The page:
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Building a Hugo Theme

Alert: this is not a step-by-step guide on how to build a Hugo theme. It focuses on the overall picture and mental model that I built up during the process of learning. I hope this can help me pick up Hugo again quickly in the future when I need to. But I hope some of you will find it helpful, too :)

I've built a Hugo theme, yBlog, for my personal blog. Here are some take-aways.

Mental model

As a content writer, we write contents in markdown, put them in correct folders, add some meta-data in front matter, and that's it. Hugo takes care of everything else for us. But if we want to build our own themes, we need to understand a bit more about how Hugo works behind the scenes. The below diagram shows my mental model when I use Hugo:

This is perhaps an over-simplified version of Hugo's work flow. If you look at Hugo's source code, you'll find the actual implementation much more complicated. But I find this mental model helpful for getting us thinking in Hugo.

To summarise Hugo's model in one sentence: everything is a page, and every page has a corresponding model that provides all the information needed to render it. This model is really the central piece of Hugo's flow. Everything you write will become its fields, and everything you see on the rendered pages are retrieved from it. You provide data to the model by writing markdown (including front matter), and you retrieve data in the templates by accessing the model's fields and methods. Unfortunately, you won't be able to find this "model" in any documentation, because it only exists in our mental model, the real implementation is much more sophisticated. You can refer to variables in hugo, they are corresponding to the model "fields" that we are talking about here.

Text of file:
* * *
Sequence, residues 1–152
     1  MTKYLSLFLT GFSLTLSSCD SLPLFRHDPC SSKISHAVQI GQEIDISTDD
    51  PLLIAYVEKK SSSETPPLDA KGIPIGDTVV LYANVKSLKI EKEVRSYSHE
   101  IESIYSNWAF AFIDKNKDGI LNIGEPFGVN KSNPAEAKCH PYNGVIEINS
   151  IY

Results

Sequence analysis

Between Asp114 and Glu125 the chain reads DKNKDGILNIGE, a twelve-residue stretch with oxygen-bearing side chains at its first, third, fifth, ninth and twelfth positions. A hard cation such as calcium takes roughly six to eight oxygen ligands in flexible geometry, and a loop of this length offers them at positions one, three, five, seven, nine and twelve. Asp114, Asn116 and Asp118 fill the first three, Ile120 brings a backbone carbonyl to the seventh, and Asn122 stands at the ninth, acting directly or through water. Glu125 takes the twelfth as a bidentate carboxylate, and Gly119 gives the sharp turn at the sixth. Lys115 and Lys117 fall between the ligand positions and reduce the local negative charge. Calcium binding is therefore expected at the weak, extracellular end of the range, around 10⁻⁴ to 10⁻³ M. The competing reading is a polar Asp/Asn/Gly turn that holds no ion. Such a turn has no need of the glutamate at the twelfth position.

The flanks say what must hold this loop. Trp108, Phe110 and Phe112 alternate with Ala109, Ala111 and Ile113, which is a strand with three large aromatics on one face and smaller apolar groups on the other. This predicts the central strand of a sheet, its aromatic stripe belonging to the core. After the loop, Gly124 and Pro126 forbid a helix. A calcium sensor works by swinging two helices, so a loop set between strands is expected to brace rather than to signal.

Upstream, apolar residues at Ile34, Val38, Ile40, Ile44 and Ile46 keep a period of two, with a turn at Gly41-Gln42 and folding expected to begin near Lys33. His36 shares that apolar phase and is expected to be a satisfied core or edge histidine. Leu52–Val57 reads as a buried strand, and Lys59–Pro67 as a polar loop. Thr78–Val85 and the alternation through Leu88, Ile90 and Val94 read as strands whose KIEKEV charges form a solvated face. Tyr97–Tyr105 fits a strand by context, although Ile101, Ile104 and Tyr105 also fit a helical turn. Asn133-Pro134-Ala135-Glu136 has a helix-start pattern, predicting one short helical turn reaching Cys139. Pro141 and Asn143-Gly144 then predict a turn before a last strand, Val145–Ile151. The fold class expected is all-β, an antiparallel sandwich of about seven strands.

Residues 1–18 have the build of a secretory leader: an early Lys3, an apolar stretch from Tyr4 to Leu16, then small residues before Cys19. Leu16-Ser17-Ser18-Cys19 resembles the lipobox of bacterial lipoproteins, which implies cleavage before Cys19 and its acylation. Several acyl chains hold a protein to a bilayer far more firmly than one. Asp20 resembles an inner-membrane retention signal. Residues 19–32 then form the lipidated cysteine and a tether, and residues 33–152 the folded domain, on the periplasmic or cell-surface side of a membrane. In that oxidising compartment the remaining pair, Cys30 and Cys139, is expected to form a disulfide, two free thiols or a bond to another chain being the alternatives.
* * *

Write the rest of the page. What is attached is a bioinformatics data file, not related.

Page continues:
So, let's have a closer look at the data flow around this model, it can be separated into three steps (as shown in the diagram above):

  1. Hugo parses the markdown contents and the front matter, as well as the config file, gathering information into models (providing information)

  2. Models are mapped to corresponding templates (grouping information)

  3. Templates consume the information carried in the models, rendering them in HTML (rendering information)

Providing information

Information is the raw material for building the website. They come from 3 sources: the content markdown files, the config.toml/yaml/json file, and the Hugo engine.

Information from contents

The most notable piece of information is the markdown content itself. This content will be available as a page variable, and can be retrieved using .Content in the page template (will explain shortly).

We are also able to provide other information that is specific to a particular page. These are added as front matter at the top of the content file. Some fields are predefined by Hugo, including title, description and so on. When they are defined in the front matter, they are available for use in templates via their names (eg .Title, .Description, ...).

Other than these predefined fields, we can also add whatever information we want to front matter. These user-defined fields will also be available in the page template. They are grouped together in the .Params field. For example, if we add a note field to front matter, as this is not Hugo predefiend, we can later use it via .Params.Note in the templates.

Information from config

We'll also need some information that are website-wise, for example, the base URL of the website, the website's author, etc. They belong to the config.toml file. When you provide these fields in the config file, they become available via the .Site template variable. For example, baseURL = 'https://my.domain' in config.toml becomes .Site.BaseURL in the templates.

Information from Hugo engine

During the building process, Hugo also adds a great amount of helpful information for us to use in templates. These include .Permalink, .TableOfContents, .WordCount, .ReadingTime and many more. Refer to the documentation of page variables and site variables to see what else are available.

Grouping information